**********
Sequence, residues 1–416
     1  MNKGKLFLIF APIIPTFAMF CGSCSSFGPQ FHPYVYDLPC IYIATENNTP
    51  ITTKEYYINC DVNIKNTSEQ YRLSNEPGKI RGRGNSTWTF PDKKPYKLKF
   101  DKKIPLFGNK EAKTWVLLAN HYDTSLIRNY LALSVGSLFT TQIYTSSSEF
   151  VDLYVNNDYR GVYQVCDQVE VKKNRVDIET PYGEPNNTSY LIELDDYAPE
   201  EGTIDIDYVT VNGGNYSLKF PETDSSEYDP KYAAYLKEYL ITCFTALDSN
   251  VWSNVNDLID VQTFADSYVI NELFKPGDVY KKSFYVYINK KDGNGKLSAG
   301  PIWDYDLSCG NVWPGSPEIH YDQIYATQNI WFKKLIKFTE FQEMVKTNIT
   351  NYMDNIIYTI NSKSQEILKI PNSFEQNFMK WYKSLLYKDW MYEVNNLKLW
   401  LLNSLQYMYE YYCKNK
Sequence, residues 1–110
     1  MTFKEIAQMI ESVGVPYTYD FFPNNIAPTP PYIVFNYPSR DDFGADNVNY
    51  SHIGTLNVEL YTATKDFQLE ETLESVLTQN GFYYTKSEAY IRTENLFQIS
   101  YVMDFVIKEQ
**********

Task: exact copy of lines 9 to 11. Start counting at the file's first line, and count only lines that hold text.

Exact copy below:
   351  NYMDNIIYTI NSKSQEILKI PNSFEQNFMK WYKSLLYKDW MYEVNNLKLW
   401  LLNSLQYMYE YYCKNK
Sequence, residues 1–110